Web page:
Heavy rains disrupt China’s wheat harvest

Peter McMeekin for Grain Brokers Australia, June 7, 2023

Accumulated precipitation (mm) in China from May 22 to June 5 shows some of the heaviest falls have occurred in Henan province, the country’s major wheat-growing region. Source: US National Weather Service

RECORD heat in early May has given way to torrential rain, flooding wheat fields in China’s main winter-cropping provinces just as farmers prepared to harvest this year’s crop. The extent of the damage is yet to be determined, but there are reports that up to 20 percent of the country’s wheat crop has been affected, leaving farmers grappling with significant quality downgrades due to mouldy and sprouted grain.

China is the world’s biggest producer and consumer of wheat each year, with the USDA pencilling them in for 140 million tonnes and 149Mt respectively in 2023-24. That equates to 17.7pc of global production and 18.8pc of global consumption. Any decrease in Chinese wheat production will likely see a similar increase in import demand, with the damaged wheat channelled into the domestic stockfeed sector at a heavy discount. This will probably be at the expense of imported corn, a trend already evident prior to the recent crop damage.

Henan hardest hit

Henan province, also known as the “granary of China”, has reportedly been the hardest hit, with local media calling it the worst pre-harvest rainfall in over a decade. Less than 25pc of the province’s wheat harvest had been completed when the rains hit, with the province expected to produce around 38Mt this year, or more than 27pc of the USDA’s national production estimate.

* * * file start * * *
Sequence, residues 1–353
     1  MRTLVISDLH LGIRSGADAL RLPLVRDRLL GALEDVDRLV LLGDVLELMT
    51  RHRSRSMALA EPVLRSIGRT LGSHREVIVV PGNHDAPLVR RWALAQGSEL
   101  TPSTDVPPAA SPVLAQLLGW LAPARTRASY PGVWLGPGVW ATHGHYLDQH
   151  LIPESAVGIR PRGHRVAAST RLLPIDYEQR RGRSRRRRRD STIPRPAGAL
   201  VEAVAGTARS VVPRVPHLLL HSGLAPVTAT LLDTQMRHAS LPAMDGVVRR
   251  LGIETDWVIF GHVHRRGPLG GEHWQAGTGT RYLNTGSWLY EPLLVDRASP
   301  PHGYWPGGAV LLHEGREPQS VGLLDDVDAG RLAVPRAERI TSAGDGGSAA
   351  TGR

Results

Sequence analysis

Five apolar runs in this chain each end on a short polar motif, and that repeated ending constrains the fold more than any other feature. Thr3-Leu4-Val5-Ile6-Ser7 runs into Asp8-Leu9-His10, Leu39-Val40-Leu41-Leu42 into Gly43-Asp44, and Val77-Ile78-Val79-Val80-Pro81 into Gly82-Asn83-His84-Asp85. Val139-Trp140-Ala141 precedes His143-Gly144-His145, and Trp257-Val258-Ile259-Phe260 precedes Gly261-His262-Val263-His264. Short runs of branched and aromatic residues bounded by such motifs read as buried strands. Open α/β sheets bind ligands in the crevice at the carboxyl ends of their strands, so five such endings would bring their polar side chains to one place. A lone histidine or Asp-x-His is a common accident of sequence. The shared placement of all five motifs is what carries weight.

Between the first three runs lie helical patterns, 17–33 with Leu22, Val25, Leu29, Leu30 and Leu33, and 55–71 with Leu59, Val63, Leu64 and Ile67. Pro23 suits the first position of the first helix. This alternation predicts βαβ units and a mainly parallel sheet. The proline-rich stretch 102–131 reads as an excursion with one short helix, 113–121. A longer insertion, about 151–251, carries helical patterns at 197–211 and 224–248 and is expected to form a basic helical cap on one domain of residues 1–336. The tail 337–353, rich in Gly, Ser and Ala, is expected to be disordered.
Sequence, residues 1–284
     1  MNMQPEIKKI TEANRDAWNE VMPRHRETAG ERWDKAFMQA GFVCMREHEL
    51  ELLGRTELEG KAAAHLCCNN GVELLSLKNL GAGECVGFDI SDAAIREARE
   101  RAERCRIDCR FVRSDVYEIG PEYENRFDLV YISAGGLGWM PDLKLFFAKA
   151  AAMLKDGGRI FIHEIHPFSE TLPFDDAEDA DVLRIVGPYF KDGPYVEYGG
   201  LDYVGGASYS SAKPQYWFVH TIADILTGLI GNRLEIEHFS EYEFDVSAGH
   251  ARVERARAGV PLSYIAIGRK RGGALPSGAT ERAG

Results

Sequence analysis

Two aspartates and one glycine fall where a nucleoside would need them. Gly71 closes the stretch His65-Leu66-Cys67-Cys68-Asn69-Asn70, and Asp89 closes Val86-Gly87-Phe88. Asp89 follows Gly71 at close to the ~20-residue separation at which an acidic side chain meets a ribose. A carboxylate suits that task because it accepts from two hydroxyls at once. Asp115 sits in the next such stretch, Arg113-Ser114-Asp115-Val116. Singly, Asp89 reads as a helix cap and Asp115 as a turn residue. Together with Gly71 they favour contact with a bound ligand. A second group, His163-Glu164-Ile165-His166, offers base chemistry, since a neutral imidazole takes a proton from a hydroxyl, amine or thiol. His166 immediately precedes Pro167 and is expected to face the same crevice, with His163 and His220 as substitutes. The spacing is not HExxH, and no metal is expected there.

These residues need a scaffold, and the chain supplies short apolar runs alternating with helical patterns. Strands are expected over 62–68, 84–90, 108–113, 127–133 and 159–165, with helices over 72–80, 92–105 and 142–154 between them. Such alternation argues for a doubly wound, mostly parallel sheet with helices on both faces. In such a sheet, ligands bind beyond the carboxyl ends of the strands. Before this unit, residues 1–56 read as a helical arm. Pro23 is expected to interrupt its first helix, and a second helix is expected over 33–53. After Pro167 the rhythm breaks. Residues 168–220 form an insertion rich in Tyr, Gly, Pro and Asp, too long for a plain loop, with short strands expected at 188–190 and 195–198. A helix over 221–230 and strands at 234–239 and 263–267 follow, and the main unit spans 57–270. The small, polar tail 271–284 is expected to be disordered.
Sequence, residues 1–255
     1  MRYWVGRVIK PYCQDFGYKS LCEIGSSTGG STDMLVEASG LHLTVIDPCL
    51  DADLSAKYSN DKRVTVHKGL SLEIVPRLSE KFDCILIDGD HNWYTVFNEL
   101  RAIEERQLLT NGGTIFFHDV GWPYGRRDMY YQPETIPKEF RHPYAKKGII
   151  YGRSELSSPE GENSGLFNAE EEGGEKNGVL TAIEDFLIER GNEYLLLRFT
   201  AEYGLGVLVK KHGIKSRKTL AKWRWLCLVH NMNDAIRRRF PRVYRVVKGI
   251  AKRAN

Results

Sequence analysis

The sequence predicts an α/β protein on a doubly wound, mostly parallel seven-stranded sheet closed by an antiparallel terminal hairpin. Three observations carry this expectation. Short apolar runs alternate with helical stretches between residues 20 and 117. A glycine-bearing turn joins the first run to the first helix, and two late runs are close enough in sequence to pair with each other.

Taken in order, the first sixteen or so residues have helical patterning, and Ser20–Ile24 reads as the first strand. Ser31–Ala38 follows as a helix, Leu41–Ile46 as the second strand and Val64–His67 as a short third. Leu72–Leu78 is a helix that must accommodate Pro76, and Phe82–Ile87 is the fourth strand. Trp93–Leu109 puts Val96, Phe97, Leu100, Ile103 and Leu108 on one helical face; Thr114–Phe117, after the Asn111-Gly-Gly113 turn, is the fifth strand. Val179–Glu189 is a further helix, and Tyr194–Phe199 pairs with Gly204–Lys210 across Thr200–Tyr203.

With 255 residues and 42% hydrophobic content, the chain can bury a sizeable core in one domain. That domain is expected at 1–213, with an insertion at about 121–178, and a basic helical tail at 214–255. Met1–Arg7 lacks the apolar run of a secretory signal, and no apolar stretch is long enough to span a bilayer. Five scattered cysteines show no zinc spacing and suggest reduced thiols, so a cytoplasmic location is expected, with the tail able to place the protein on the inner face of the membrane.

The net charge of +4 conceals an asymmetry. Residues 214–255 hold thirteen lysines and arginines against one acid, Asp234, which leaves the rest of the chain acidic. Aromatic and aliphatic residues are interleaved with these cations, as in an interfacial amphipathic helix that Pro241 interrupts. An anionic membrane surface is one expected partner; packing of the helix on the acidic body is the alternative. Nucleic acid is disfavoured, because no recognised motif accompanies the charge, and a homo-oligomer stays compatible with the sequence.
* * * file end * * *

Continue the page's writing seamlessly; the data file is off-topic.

Rainfall in China 7-days to May 31. Source: World Weather, Inc.

Chinese weather reports described the relentless rainfall, which fell May 25-29, as the region’s broadest and longest-lasting rain event since 1961. While not historically prone to heavy rainfall, Henan has experienced multiple extreme rain events in recent years. In 2021, torrential downpours flooded central Henan, resulting in over 300 fatalities and direct economic losses of around 120 billion yuan (US$16.5 billion).

However, rainfall of varying degrees was also recorded in most of the wheat-producing regions of central and southern China, with farmers in parts of Anhui, Hebei, Hubei, Jiangsu, Shaanxi and Shandong provinces reporting lesser degrees of crop damage.

Chunk of crop downgraded

Ma Wenfeng, a senior analyst with Beijing Orient Agribusiness Consultancy, reportedly told the Reuters news agency that the rains had affected most of the wheat-producing regions of central and southern China, not just Henan province. Ma estimates that as much as 30Mt of the consultancy’s anticipated national crop of 137Mt had been affected, with at least 10Mt, and as much as 20Mt of that wheat sprouted and unfit for human consumption. Grain in some of the worst affected areas is reportedly infected with Fusarium head blight and cannot be fed to animals.

More rain forecast

The unseasonal precipitation was expected to continue over the weekend just gone with Henan’s weather observatory expecting the central, western and southern parts of the province to receive moderate to heavy rainfall from Saturday afternoon through to Sunday evening, with falls of up to 80mm possible in some districts.